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HomeFarming NewsPremium prices, Wagyu genetics & home-grown feed on organic suckler farm
Catherina Cunnane
Catherina Cunnanehttps://www.thatsfarming.com/
Catherina Cunnane hails from a sixth-generation drystock and specialised pedigree suckler enterprise in Co. Mayo. She currently holds the positions of editor and general manager at That's Farming, having joined the firm during its start-up phase in 2015.
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Premium prices, Wagyu genetics & home-grown feed on organic suckler farm

Back in 2010, Donal and Frederique Keane reviewed their performance at year-end and looked at the overall costs of their farming systems compared to returns.

They began questioning if there were other options for their cattle and tillage enterprises going forward.

On meeting a local organic farmer, who gave an overview of the organic farming system, the Summerhill, Co. Meath, farmers began looking at organic farming as an option.

At a recent Teagasc farm walk, they explained that they saw it as “an opportunity to improve the overall financial position of the farm” and also recognised the environmental benefits of organic farming.

After careful consideration, completing the Teagasc FETAC Organic Farming course and visiting other organic units, the farm entered organic conversion in 2011.

Organic Suckler Farm

Then, it achieved full organic status for the land and produce two years later. The farm is now home to a suckler-to-beef enterprise and a cereal enterprise of winter wheat and spring oats.

The holding comprises one block of land, all of which they own, extending to 58 hectares.

Initially, they operated a suckler-to-beef system and acquired weanlings from fellow organic dry stock producers, selling all animals direct to an organic processor.

The family aims to have a low-cost system, and one way of advocating this is not purchasing concentrate feed for animals. Instead, they provide this from the grain they grow on their farm.

Cow type

The suckler herd on the farm comprises predominantly Aberdeen Angus types, and in previous years, they crossed these with an Aberdeen Angus bull.

However, last year, they crossed the suckler herd with a Wagyu bull, and the first progeny arrived in spring 2022.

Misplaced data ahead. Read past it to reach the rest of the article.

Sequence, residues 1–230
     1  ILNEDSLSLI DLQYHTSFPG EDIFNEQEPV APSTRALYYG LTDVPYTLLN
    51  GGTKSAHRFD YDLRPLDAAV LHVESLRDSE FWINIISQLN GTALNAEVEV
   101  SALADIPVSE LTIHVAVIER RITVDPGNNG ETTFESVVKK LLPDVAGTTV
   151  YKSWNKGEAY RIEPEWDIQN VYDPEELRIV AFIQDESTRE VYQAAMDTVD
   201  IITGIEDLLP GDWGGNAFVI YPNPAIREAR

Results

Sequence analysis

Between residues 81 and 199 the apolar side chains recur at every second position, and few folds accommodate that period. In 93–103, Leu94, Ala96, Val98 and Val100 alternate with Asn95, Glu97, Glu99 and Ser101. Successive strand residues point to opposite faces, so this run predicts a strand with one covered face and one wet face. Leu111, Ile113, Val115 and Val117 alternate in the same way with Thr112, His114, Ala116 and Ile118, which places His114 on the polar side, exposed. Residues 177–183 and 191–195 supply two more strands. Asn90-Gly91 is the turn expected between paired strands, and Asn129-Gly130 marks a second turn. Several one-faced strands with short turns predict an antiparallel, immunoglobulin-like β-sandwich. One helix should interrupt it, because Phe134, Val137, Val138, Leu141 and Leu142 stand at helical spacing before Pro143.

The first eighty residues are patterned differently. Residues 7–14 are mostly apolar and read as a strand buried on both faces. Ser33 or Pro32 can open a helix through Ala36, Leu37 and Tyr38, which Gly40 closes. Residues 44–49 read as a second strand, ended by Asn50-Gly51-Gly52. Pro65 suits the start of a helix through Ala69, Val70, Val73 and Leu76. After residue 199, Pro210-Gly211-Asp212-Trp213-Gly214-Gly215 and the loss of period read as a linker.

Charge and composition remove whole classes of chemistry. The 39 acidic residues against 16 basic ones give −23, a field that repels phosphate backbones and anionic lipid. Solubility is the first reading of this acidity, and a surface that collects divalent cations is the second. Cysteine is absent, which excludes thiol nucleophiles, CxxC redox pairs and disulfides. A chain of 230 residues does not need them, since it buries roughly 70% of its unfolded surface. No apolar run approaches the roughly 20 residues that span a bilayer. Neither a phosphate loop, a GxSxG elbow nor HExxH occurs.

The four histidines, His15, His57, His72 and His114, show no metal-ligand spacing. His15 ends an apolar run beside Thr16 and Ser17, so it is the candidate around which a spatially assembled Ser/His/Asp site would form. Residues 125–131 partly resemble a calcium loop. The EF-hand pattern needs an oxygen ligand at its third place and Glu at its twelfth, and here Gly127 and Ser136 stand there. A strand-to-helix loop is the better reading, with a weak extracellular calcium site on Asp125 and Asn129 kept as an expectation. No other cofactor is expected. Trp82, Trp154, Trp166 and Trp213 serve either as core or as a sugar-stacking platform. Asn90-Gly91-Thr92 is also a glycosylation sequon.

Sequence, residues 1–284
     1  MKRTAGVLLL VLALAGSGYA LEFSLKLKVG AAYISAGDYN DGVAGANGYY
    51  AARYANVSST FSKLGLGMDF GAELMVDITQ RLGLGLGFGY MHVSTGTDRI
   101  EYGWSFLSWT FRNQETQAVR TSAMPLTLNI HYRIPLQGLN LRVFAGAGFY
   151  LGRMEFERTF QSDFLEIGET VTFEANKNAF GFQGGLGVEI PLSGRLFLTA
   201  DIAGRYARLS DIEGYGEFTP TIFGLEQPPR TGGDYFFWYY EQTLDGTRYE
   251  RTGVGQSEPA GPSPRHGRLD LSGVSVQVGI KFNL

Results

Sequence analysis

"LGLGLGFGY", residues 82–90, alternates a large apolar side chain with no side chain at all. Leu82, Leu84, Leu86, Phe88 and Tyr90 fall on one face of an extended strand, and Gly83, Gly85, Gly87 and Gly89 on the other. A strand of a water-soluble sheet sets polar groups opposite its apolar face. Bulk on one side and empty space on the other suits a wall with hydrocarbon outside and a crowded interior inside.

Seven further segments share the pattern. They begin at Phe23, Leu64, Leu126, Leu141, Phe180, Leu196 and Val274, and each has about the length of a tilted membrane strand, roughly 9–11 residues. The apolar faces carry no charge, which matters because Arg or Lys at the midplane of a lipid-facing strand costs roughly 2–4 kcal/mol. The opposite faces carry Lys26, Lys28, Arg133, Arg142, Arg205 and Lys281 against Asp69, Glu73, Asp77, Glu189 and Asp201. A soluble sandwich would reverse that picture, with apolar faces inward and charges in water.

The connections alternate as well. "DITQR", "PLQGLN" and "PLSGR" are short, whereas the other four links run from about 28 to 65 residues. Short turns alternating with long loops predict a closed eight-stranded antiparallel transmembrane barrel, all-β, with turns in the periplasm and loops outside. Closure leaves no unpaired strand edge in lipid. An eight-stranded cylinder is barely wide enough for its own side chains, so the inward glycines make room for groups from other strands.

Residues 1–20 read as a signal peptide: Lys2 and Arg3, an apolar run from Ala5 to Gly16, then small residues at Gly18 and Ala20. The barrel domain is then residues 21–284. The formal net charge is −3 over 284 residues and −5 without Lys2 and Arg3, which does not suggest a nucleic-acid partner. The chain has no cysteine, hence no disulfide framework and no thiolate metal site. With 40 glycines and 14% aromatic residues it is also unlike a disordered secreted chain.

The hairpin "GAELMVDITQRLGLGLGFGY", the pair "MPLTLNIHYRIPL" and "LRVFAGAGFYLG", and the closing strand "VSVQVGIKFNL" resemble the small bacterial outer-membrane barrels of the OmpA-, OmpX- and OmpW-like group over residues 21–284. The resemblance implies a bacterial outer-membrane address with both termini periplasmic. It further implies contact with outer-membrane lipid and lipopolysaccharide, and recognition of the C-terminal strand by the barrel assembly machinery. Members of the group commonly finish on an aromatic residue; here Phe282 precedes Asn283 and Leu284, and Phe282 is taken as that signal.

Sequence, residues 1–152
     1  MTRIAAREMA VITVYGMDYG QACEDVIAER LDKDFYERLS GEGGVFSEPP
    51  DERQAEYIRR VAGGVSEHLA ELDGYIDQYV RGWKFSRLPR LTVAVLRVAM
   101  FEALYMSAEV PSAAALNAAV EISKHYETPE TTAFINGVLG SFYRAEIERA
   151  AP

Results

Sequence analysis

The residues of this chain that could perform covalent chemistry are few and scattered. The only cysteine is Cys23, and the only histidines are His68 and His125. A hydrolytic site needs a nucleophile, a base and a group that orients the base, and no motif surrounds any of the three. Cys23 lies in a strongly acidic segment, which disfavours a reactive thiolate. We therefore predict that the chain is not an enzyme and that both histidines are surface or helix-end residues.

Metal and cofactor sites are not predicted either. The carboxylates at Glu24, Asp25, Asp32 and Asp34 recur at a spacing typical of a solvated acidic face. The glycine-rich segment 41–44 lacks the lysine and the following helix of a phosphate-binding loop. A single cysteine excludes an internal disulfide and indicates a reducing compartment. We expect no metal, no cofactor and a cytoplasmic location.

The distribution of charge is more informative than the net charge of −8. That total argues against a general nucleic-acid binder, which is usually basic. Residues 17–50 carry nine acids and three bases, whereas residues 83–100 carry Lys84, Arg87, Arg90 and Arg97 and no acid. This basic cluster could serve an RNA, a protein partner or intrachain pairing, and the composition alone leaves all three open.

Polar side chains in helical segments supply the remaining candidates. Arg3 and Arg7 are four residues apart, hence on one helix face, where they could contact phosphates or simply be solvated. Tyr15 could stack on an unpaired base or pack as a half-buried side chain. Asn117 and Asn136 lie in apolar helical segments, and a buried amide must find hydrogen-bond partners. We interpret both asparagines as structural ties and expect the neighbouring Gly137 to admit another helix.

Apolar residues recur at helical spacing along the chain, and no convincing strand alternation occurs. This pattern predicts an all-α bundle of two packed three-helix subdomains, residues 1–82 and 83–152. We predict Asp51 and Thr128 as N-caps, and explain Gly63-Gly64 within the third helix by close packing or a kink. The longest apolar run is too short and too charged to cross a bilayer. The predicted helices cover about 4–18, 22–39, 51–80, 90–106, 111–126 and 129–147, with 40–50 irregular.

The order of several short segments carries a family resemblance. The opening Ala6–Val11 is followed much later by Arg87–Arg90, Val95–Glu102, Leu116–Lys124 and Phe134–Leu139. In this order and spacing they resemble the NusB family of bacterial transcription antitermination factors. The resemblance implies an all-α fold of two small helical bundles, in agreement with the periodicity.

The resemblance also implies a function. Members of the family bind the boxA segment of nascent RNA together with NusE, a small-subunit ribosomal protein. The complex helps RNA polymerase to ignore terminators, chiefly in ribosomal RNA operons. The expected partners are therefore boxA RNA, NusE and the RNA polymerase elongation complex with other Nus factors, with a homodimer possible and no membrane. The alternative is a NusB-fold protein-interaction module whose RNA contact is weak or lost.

Going forward, the couple, who farm at Camelton Stud with their daughters, Pauline and Marie, and son, John, plan to finish these and sell them off-farm.

Furthermore, they also intend to source organic breeding heifers off-farm, with the overarching aim always being to achieve a premium price for “all that is produced on the farm”.

Cattle graze in one group on a rotational basis around the farm, and fields are divided into 3-4-acre paddocks.

They house cattle for the winter around December 1st. Thereafter, cattle are back out grazing from mid-March based on when they calve down.

Suckler cow performance

Regarding suckler cow performance, the Keane’s herd is excelling when it comes to calving interval, mortality – dead at birth and dead at 28 days, calves per cow per year and a 6-week calving rate.

Suckler Cow Perofmrnace
Via Teagasc
BEEP-S and future plans

Data recording is another important element on the Meath-based organic suckler farm holding that is performed as part of its participation in the BEEP-S Scheme.

The couple weighed their weanlings last October, and results showed that they varied from 230kg-340kg, and ADG ranged from 0.92-1.36kg.

Going forward, the couple plan to rebuild their suckler herd to thirty breeding females, finishing all progeny off-farm, sow more forage crops for outdoor winter feeding and grow mixed cereal crops, including combicrop.

Part two of this article covers their tillage operation.

To share your story, email – catherina@thatsfarming.com

Other articles on That’s Farming:

‘Coming home to the farm is one of the best decisions I have made’

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